1961 is one vintage where I prefer Figeac to Cheval Blanc; both are very good but Figeac shows more complexity and elegance. I prefer Cheval Blanc's '64 to its '61. Ausone and Canon are both lovely elegant wines but they do not have the concentration of a top '61. Two very underrated wines are L'Arrosée and La Gaffelière – both are very impressive and still bargains if you are lucky enough to find them.

 

Pomerol

The two rarest and most expensive wines from '61 both come from Pomerol. Pétrus and Latour-á-Pomerol. Both are tremendously impressive – Latour-á-Pomerol with great sweetness, richness and concentration. Pétrus with similar richness but with even more power and structure. I have never had the pleasure of drinking these two giants next to one another but expect Pétrus to have the longer life expectancy. Vieux Château Certan is a wonderful mature wine, as is Lafleur. A wine I have also found very good over the years is Château Gazin. It did then include grapes from a parcel of the best part of Pomerol, now belonging to Château Pétrus. I don't have any tasting notes on Trotanoy or L'Evangile, but both have a great reputation.

 

St. Julien

My personal favourite here is Ducru Beaucaillou, possibly the most elegant of all wines. I have drunk it twice this year, and it was not showing any signs of ageing at all. It is closely followed by Gruaud Larose and Léoville Las Cases, both very impressive. Léoville and Langoa Barton did not have a very good period then and are, like Léoville Poyferré, disappointing for the vintage. Talbot and Branair Ducru are good but need drinking soon.

 

Pauillac

Both Pichons are good but I prefer Pichon Baron as it has more structure and concentration than the slightly overripe Pichon Lalande. Lynch Bages is still very good just like Pontet Canet. Pontet Canet was bottled by several négociants, and the one to drink is the Cruse-bottling which was the unofficial château bottling at the time.

 

The Premier Crus

The star here is Château Latour. It is the most majestic of wines and the wine that will become the new collectors’ item for millionaires as Mouton '45 and Cheval Blanc '47 start to fade away.

It has great concentration of cabernet fruit with a firm tannic structure. Truly an iron fist in a silk glove, only now opening up to reveal its true greatness. It is also the wine that was ranked in first place in “The 1,000 Finest Wines Ever Made”.

Château Margaux made its finest wine since the legendary 1900 and it is still wonderful to drink. Mouton is a luscious wine on a par with its wonderful '59.

Haut Brion is soft and lovely but not as great as its '59. Lafite shows big bottle variation as it was still bottled from cask to cask at the time and over a long period. At its best it is very fine and delicate with little power but great elegance, at its worst it is a tired wine with no body or fruit left.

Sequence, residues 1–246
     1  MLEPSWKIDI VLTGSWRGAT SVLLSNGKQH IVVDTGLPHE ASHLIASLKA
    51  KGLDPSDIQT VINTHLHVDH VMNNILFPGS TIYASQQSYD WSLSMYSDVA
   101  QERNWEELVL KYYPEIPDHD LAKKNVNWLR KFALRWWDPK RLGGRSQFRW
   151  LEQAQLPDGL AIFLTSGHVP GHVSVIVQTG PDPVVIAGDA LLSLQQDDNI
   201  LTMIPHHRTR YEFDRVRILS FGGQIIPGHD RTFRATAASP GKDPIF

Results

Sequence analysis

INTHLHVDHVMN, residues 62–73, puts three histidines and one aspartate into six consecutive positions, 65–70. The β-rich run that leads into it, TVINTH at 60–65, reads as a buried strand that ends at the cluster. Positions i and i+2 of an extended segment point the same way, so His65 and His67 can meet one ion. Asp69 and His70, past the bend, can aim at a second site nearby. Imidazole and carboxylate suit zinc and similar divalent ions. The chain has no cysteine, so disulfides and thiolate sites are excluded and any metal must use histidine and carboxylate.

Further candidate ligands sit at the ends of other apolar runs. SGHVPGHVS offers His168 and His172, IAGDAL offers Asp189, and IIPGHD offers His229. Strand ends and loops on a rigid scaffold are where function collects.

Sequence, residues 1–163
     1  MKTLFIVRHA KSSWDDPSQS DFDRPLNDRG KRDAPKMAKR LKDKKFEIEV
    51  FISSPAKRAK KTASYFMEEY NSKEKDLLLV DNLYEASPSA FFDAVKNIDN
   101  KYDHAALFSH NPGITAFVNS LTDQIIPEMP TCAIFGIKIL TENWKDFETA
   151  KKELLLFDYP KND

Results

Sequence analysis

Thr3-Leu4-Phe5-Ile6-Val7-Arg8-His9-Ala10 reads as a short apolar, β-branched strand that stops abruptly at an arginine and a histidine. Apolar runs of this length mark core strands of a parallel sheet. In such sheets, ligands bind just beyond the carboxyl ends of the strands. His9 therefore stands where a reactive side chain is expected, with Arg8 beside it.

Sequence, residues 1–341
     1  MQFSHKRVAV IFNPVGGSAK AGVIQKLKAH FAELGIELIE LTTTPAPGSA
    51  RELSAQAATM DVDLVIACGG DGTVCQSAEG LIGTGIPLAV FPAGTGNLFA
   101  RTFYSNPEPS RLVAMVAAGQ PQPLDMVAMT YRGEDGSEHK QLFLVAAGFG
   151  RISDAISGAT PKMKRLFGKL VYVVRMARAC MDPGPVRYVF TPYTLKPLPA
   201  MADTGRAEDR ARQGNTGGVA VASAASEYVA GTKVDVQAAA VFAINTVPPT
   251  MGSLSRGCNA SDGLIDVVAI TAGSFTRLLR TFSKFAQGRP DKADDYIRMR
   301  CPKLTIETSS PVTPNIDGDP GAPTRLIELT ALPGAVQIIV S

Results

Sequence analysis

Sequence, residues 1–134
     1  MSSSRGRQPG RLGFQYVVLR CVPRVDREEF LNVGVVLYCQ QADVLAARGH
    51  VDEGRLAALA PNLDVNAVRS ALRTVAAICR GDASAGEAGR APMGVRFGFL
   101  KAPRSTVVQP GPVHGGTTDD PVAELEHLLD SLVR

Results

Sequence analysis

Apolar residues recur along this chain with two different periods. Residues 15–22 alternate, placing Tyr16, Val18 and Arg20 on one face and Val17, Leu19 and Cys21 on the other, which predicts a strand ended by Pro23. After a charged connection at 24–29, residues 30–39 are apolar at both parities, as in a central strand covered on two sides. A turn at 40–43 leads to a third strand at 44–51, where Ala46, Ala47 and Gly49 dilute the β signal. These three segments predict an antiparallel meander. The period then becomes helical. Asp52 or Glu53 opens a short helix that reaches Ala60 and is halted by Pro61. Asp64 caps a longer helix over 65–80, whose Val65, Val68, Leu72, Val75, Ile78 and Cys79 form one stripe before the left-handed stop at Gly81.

Unfortunately great quality coupled with small quantity always leads to high prices, and this is particularly the case with the 1961 Bordeaux. However, all true winelovers should have at least once in their lifetime have drunk a good '61 to know what a perfect claret can taste like. 

Jan-Erik Paulson

READ ALSO NEAL MARTIN*S ARTICLE ABOUT 1961 VINTAGE

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Average Bottle Price

2014 2013 2012 2011 2010 2005 2000
821€ -10.9% 921€ +13.6% 811€ -1.7% 825€ -3.7% 857€ +23.7% 693€ +54.7% 448€

This data comes from the FINE Auction Index, a composite of average prices for wines sold at commercial auctions in 20 countries. The average prices from each year have been collected since 1990. This chart plots the index value of the average price of the wines.

Latest Pro-tasting notes

35 tasting notes

Tasting note

color

Full, Brick red and Cloudy

ending

Long, Smooth and Lingering

flavors

Blackcurrant, Coffee, Vegetal, Toasty, Leather and Mineral

nose

Intense, Complex and Rich

recommend

Yes

taste

Average in Acidity, Warming, Medium tannin, Complex, Perfectly balanced, Balanced, Developing, Medium-bodied, Elegant, Harmonious, Rich and Silky tannins

Verdict

Transparent and nice but not special

Written Notes

The third wine had a delicious nose, with sweet fruits and tender aromas of wheat. It was blacker in style, gamy with a pinch of BBQ. Its palate was round, rich and long, certainly deserving outstanding status. The wine was heavy yet dancing with a bit of zip. Buttery and decadent, this was clearly a special wine. One of the educated ladies guessed, ‘Spanish,’ but it was a magnum of 1961 Margaux. This was sweet, outstanding stuff. It was then noted that if Parker hasn’t had a great bottle/note of an old Bordeaux, it was like it didn’t exist, kind of like the ’61 Margaux (96M).
  • 96p

It has sometimes been said that 1961 was the greatest vintage since 1900. Our memory does not always serve us well, but there is no doubt that this vintage displays quite extraordinary qualities, which we would not find again until the 1982 vintage. 1961 not only benefited from remarkable weather conditions, but also from the first achievements of what was called \modern oenology\" under the inspiration of Professor Ribereau Gayon and Doctor Emile Peynaud. Château Margaux 1961 is a sumptuous wine, at the same time tender, harmonious, rich, very dense and full of freshness. Its bouquet is unique : over the smell of undergrowth, so characteristic of the great wines of that era, comes a layer of indescribable fruity and floral fragrance... Smelling this wine is a moment of unforgettable excitement, of pure emotion! The sensations that come through on the palate are a harmonious match to the aromatic festival on the nose : its tannic density asserts itself smoothly and delicately, the finish is a strong and yet tender caress. A really wonderful wine. Today, the 1961 has lost none of its freshness, even though the magnums are starting to show more consistency than the bottles. Of course, it can be opened now, but it was built for eternity...